The Market Cross – Bury St Edmunds
No matter from which viewpoint on the Cornhill, shoppers cannot but notice one of the grandest buildings in the town centre – that of the Market Cross. Yet, its very elegance and use today belies a much humbler origin.
Such buildings originated from wayside, Celtic stone crosses. In the early medieval period these crosses began to appear in market places where they were used for preaching or the issue of public proclamations as well as to imply fairness in market transactions.
That a stone (market) cross existed in Bury St Edmunds is certain, although its exact location is unknown and the present site of the Market Cross is unlikely to be its original location. In latter times, the highest point of the market was often selected, which is true of today’s Market Cross location. However, what is certain is that a stone cross existed in the market in 1583, as the stones were sold for £2 by the Guildhall Feoffees, helping to raise funds to build a wooden shelter for the corn sellers.
This wooden edifice only survived until the disastrous fire of April 1608. By 1620 the Market Cross had been rebuilt on its original site. The building
(initially a corn exchange) proved to be one of the finest examples of its kind
in England, indeed, later, it doubled up as the town’s Playhouse. Interestingly
it was in 1774 that the Corporation commissioned the respected architect Robert Adam to produce plans to face the south front with decorated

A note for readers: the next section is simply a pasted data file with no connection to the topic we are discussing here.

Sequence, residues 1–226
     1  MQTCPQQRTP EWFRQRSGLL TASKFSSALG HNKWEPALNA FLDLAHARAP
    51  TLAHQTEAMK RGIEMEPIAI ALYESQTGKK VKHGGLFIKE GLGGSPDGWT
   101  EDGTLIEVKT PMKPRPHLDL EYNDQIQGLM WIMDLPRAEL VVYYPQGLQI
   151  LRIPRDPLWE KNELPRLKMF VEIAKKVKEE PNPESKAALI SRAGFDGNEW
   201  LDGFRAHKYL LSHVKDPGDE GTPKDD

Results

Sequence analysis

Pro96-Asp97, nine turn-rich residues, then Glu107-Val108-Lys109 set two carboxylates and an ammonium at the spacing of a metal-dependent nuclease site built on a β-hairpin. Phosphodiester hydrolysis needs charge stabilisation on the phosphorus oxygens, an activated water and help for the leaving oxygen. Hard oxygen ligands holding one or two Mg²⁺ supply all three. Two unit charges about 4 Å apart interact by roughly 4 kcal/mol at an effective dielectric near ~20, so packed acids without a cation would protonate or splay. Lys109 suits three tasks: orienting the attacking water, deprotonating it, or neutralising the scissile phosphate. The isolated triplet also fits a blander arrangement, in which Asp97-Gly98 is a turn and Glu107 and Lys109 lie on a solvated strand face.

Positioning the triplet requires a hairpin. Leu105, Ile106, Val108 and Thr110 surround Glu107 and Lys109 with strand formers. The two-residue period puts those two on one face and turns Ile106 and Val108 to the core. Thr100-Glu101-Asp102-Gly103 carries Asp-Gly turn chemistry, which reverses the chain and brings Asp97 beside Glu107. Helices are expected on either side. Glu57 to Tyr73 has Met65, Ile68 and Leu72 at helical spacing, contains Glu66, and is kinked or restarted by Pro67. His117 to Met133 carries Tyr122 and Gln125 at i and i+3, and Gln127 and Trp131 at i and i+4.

limestone, later to encase the whole building, leaving the ground floor open to corn dealers and 2 shops at the north end.
By the early 1800s the Cross had become too small and a new theatre was built and opened in 1819 (now the Theatre Royal) with a replacement corn exchange in use by 1836 (now Harriet’s). Further renovation was necessary following a fire in 1880.
The 20th century was somewhat chequered for this building with use as Town Hall but often empty; by 1968 more plans were made, this time to restore the building to Adam’s original design with the ground floor re-opened as before, but this was only partly implemented. In 1971 the Town Hall label was dropped in favour of the traditional Market Cross, and by 1972 the Art Gallery had taken up residence. Thankfully, the building is still in use today.
Fancy looking round the town a bit more? Just visit the Tourist Information Centre on Angel Hill (01284 764667) and find out more!